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  Originally cited at http://www.goal.org/articles/cdttriggerlocks.html

19, 1998

Triggerlocks and Airbags

Photo of C. D. Tavares

C. D. Tavares

To understand the hidden danger implicit in our government's push to require trigger locks on every gun "for the sake of the children," one first needs to know something about guns and trigger locks -- a step too many politicians skip.

Many of our politicians simply never learned that a trigger lock is not designed to secure a gun that's capable of firing -- only a gun that's already harmless.

First, an unloaded gun can't ever shoot anyone. The main danger to curious children lies in loaded, unsecured guns. People assume trigger locks will solve this.

Now, examine an actual trigger lock. The instructions molded into the side say: "DO NOT INSTALL THIS LOCK ON A LOADED GUN." Why? Because the last thing you want to be doing with a loaded gun is fooling around in the vicinity of its trigger. That's a sure formula for an accidental discharge.

Many of our politicians simply never learned that a trigger lock is not designed to secure a gun that's capable of firing -- only a gun that's already harmless. Likewise, gun control advocates who claim trigger locks "can be rapidly disengaged" for self-defense purposes misrepresent the issue. Home-protection guns are kept loaded for the same reason that spare tires are kept inflated. Certainly they need to be secured from children. But, just as we have discovered with airbags, a one-size-fits-all "remedy" of government-mandated trigger locks will instead make guns more dangerous to a large class of people.

Graphic -- Gun biting owner's hand Wait -- there's more. Did you realize that a trigger lock on an unloaded gun won't hamper a child in the least from loading and cocking that gun? Put a revolver into this state and no one can unload and make it safe without access to the (now very sensitive) trigger. Whoever removes that lock had better have very steady nerves.

What about the theft protection benefits? Forget it. For the effort of a minute at home with a hacksaw, a thief will steal a trigger-locked gun as readily as an unlocked one.

Crusaders who push trigger locks as "common-sense devices that will keep our children safe" are doing nothing more than relying on their untrained intuition as a substitute for actual knowledge. This is the same variety of "common sense" that once advised humanity that the earth was flat and the sun revolved around it.

Politicians fail the same test. Three months ago, the Springfield city council introduced a trigger-lock ordinance with great enthusiasm and imperceptible foresight. It prohibited storage of guns in blast-proof safes unless they were also "protected" by $10 trigger locks. It included guns in police officers' holsters. It even included guns being shipped to Smith & Wesson for repair. (One advocate declared this a benefit, until it was pointed out that the key would necessarily have to accompany it.)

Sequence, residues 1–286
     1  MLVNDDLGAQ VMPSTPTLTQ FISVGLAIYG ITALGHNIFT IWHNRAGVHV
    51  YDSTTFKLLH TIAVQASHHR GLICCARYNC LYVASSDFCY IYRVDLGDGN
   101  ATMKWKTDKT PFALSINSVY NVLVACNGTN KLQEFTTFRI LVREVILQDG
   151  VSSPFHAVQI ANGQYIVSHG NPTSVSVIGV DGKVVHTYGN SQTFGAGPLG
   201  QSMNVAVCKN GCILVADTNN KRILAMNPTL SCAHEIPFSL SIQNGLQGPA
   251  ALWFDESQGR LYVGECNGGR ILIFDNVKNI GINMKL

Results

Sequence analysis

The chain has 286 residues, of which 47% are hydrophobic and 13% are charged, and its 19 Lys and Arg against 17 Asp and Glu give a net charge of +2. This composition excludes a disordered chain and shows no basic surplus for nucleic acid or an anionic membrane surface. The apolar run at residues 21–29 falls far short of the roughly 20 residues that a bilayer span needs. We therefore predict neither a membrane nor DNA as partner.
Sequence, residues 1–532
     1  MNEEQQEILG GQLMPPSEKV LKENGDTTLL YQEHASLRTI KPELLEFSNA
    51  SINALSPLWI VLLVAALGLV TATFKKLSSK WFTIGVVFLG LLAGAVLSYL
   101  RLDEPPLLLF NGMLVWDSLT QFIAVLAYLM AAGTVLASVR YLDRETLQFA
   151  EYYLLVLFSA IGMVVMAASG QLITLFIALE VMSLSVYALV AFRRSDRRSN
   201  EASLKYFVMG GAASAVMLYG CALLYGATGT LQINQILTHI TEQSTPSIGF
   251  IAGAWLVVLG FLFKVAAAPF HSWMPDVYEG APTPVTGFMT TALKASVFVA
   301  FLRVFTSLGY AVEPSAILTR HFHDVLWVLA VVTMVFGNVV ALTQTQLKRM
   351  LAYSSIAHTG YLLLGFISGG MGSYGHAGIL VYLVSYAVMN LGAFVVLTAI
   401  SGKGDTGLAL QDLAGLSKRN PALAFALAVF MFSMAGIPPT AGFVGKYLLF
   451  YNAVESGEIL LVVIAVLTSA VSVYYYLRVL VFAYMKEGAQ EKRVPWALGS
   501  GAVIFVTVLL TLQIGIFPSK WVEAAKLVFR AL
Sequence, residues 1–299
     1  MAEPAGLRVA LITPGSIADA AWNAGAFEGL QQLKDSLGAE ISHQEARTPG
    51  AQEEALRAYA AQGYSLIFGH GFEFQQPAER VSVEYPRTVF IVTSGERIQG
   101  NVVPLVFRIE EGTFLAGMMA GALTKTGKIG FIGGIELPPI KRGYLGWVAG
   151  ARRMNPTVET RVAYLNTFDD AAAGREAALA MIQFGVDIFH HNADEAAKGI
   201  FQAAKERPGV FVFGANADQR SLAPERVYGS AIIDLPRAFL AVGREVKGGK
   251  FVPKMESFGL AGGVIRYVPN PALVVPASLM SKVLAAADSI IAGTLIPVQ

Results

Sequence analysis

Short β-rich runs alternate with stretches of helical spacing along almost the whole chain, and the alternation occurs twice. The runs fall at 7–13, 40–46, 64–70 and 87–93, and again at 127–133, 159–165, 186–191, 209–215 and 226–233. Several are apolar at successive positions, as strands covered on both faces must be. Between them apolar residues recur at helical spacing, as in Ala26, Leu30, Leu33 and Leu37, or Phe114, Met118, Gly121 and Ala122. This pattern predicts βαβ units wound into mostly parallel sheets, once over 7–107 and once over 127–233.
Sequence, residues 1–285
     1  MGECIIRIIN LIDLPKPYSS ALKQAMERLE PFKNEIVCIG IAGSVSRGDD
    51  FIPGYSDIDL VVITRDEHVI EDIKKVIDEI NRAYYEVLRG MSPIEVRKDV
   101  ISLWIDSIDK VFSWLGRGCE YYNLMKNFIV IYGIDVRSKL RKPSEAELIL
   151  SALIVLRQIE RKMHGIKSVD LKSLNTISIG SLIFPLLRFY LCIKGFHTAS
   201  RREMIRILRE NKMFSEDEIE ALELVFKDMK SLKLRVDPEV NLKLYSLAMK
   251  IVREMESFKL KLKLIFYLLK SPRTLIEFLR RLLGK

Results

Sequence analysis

These flaws were immediately apparent to gun owners. However, gun owners are rarely consulted when such proposals are drafted, because their sponsors too often couch them as adversarial legislation. Actual child safety concerns get lost in the politics.

So what do firearms experts recommend to keep children safe? Different hardware options exist to fit different personal situations. Simplex-lock and electronic lockboxes provide both keyless childproof security and quick access to loaded guns, plus they can be bolted down for theft prevention. For a recreational gun, a cable lock through the barrel or a common padlock around a revolver's top strap can keep it from being loaded or fired. Safes and security cabinets are available at many price points for those with multiple guns.

But the best protection is to discuss guns with your children, just as you discuss sex or drugs. Consult the child safety page at www.goal.org. Get a copy of Massad Ayoob's Gun-Proof Your Children, and learn how to defuse the "forbidden fruit" syndrome. Tell your kids that if they see a gun, they should "stop -- don't touch -- leave the area -- and tell an adult."

And do this even if your family owns no guns, because 45% of your friends and neighbors do. Don't count on some technological gimmick to absolve you of your duty to provide solid, responsible parenting.

C. D. Tavares is a certified gun safety instructor in Northboro.

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